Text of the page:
Going host-less for the second year running ostensibly puts more pressure on the presenters, some of whom inevitably fared better than others. But the show’s emphasis on not just presenters, but (younger) presenters for the (more established) presenters, seriously pushed the limits of what constitutes a high value cameo. I’ve always wanted to know who networks think they’re luring into an awards show broadcast thanks to some star power reading the categories, and this round’s especially strange attempts confirm that awards shows are especially prone to the “more is more” approach, regardless of logic.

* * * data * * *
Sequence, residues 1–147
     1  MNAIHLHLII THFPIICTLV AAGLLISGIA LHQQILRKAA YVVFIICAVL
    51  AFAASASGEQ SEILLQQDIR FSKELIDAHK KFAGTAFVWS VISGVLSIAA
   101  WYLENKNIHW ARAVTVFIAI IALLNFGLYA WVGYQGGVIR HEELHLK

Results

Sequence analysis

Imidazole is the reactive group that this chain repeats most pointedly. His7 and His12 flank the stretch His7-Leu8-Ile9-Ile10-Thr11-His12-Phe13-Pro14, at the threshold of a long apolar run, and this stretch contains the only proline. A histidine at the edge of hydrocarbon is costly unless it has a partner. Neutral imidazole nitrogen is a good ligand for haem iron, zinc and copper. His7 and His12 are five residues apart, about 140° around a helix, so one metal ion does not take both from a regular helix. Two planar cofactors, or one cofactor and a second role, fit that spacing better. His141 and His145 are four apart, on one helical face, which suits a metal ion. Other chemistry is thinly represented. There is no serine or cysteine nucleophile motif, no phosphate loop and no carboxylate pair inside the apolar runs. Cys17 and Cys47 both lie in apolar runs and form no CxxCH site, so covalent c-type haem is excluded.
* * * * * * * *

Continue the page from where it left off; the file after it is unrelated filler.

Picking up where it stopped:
There’s just no reason, for instance, that “Booksmart” star Beanie Feldstein shouldn’t have presented alongside Mindy Kaling instead of alerting the audience to Kaling’s presence. “1917” breakout George McKay truly needn’t have thrown to Olivia Colman from the tippy top of the Dolby Theater. Most importantly, and perhaps in the most perfect summary of just how bizarre the night got by the halfway mark, who on earth suggested that Anthony Ramos introduce Lin-Manuel Miranda, so Lin-Manuel Miranda could introduce a montage of popular movies and the songs they made famous, which in turn introduced none other than Eminem performing the entirety of his 2002 Oscar-winning song “8 Mile,” for no other reason than he didn’t get the chance before and that has a new album to promote? By the time Utkarsh Ambudkar was rapping about what had already happened in the ceremony so far, in a tepid reboot of Neil Patrick Harris’ go to closing bit for the Tonys, it seemed like the show had completely lost the thread.